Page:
For the assessment of hippocampal brain damage, fixed brains were examined for the occurrence of apotosis in the dentate gyrus of the hippocampus. Cryosections (45 μm thick) were stained for Nissl substance with cresyl violet. Quantification of apoptotic nuclei in the hippocampal dentate gyrus was performed as described earlier . In brief, cells exhibiting characteristic histomorphological features of apoptosis were counted in 4 different slices spanning the hippocampus of the right hemisphere. Three visual fields in each of the two blades of the dentate gyrus were inspected for the appearance of cells showing morphological signs indicative of apoptosis (condensed, fragmented dark nuclei, apoptotic bodies; Figure 1E). Each visual field was judged according to the following score: 0-5 cells = 0; 6-20 cells = 1; > 20 cells = 2. A mean value per animal was calculated from all inspected fields (48 fields per animal). Apoptosis was evaluated by a person blinded to the experimental grouping.
All results are shown as medians with interquartile range. Comparisons between two groups were performed with Mann Whitney test. Correlation was performed with Spearman rank test. P-values less than 0.05 were considered significant.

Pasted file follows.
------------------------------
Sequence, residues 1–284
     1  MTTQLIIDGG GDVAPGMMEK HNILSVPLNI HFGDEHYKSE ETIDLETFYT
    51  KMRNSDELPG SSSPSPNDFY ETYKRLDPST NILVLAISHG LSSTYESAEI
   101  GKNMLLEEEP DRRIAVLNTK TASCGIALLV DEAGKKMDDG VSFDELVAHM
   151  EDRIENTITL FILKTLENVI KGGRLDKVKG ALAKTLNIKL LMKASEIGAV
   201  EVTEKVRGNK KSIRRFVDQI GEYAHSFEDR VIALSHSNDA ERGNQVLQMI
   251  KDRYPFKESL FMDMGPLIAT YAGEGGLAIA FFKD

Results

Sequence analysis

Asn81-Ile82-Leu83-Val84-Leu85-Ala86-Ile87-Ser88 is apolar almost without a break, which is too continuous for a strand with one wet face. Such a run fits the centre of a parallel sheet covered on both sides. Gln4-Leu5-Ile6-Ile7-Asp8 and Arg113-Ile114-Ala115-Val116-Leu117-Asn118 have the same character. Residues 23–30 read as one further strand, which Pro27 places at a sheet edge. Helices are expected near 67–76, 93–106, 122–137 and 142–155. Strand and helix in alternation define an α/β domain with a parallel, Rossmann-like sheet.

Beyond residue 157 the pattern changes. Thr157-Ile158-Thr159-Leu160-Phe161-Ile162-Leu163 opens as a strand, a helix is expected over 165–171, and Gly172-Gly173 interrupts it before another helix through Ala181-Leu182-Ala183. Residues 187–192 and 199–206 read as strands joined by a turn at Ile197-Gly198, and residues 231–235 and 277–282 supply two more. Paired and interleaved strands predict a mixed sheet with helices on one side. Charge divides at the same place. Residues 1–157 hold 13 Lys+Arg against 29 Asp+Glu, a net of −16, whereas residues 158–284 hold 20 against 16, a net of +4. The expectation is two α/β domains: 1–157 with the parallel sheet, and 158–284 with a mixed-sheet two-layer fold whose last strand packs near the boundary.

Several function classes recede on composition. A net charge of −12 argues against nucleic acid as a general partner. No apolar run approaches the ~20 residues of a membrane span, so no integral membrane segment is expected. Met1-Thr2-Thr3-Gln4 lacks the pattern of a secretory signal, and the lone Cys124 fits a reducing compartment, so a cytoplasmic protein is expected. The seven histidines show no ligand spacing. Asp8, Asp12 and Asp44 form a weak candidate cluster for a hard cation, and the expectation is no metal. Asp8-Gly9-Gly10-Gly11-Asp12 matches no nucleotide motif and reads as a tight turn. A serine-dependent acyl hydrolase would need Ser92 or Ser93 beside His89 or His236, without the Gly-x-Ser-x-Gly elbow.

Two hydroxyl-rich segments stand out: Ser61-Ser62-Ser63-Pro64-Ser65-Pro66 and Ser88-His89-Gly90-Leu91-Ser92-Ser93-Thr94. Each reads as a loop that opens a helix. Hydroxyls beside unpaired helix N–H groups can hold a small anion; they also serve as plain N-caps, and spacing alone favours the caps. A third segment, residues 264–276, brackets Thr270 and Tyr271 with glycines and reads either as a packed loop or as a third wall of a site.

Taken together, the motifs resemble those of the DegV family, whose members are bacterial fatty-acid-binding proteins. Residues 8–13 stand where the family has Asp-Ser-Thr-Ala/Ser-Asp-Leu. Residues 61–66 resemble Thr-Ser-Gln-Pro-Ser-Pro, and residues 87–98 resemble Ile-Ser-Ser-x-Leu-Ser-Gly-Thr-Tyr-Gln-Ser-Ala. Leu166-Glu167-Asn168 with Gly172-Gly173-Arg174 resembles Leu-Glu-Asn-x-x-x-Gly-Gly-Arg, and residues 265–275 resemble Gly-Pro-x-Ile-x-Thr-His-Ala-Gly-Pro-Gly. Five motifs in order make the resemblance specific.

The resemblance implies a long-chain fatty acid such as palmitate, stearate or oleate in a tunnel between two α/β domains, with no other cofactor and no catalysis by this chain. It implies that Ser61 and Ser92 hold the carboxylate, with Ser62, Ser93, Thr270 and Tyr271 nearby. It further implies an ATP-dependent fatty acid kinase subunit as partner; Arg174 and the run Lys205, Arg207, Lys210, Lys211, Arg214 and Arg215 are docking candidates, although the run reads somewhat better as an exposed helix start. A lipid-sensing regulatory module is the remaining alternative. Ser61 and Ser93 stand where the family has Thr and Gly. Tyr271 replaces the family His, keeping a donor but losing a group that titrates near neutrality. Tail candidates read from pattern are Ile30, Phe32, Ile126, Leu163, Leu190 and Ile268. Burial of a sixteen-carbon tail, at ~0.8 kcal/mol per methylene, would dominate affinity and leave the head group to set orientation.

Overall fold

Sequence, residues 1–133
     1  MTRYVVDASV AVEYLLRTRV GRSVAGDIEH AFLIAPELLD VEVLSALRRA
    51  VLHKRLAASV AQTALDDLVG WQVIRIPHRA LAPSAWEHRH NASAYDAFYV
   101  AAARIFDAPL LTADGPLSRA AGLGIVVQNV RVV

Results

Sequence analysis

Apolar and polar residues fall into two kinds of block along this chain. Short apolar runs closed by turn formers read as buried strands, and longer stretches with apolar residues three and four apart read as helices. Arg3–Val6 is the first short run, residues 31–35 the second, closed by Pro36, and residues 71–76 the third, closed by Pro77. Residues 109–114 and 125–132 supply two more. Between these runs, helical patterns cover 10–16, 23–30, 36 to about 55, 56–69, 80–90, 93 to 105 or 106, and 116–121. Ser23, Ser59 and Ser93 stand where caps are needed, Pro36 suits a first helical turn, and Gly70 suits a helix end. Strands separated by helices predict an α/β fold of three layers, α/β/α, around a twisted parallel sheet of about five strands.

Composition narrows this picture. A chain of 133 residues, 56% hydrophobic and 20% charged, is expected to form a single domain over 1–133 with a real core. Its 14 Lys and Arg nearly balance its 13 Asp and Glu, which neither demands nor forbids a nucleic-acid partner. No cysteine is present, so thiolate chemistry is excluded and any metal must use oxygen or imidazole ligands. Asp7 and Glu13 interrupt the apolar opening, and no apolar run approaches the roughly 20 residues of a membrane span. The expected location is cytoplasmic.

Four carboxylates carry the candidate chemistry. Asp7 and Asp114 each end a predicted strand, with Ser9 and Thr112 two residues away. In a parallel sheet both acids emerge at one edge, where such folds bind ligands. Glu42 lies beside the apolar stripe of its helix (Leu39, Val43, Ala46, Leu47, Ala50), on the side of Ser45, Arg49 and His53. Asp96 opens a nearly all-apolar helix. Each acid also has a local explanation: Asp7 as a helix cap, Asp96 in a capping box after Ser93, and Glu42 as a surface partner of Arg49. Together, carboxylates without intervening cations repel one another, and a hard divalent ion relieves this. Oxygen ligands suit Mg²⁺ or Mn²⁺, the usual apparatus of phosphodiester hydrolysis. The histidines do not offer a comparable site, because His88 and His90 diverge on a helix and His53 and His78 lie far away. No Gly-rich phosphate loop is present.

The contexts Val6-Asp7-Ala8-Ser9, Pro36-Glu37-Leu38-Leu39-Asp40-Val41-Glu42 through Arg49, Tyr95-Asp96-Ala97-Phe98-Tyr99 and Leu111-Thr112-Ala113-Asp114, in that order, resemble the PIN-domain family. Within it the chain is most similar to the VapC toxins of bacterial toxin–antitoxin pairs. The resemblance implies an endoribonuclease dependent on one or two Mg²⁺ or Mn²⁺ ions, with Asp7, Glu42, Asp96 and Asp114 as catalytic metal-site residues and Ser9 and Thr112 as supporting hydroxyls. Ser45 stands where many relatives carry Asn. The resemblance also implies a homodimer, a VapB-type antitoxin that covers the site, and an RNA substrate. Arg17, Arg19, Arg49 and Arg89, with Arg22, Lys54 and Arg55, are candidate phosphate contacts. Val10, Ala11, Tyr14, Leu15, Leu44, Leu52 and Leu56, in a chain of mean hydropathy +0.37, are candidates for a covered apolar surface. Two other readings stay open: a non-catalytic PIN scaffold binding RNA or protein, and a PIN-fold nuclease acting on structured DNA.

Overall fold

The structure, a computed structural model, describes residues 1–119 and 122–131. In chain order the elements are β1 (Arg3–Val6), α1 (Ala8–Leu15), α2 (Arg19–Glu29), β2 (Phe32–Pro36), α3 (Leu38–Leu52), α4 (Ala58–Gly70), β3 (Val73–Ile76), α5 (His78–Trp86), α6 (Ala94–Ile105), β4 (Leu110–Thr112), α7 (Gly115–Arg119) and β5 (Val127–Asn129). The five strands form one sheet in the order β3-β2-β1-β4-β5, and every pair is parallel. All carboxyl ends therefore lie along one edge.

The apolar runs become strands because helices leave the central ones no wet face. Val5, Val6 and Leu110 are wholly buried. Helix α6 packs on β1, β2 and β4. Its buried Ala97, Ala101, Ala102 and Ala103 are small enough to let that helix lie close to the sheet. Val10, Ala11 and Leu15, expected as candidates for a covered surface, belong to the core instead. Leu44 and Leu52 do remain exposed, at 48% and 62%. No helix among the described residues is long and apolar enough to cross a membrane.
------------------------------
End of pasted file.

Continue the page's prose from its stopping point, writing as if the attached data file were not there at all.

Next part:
As per the study design, blood bacterial concentrations at 28 hours after bacterial inoculation were significantly lower in meningitis rats treated with serotype-specific antibodies (0 Log10 CFU/mL (0-0.9)) as compared to untreated rats with meningitis (2.3 Log10 CFU/mL (1.8-2.9), Mann Whitney test, P = 0.001). Meningitis rats treated with serotype-specific antibodies also had a significantly lower disease severity score than untreated rats with meningitis at 28 hours (3 (2.8-3) vs. 4 (3-5), respectively, P < 0.05), whereas no significant differences in CSF bacterial concentration and in CSF and blood WBC were observed between the two groups. Uninfected controls had no signs of meningitis and a normal disease severity score (for details of laboratory data, see ).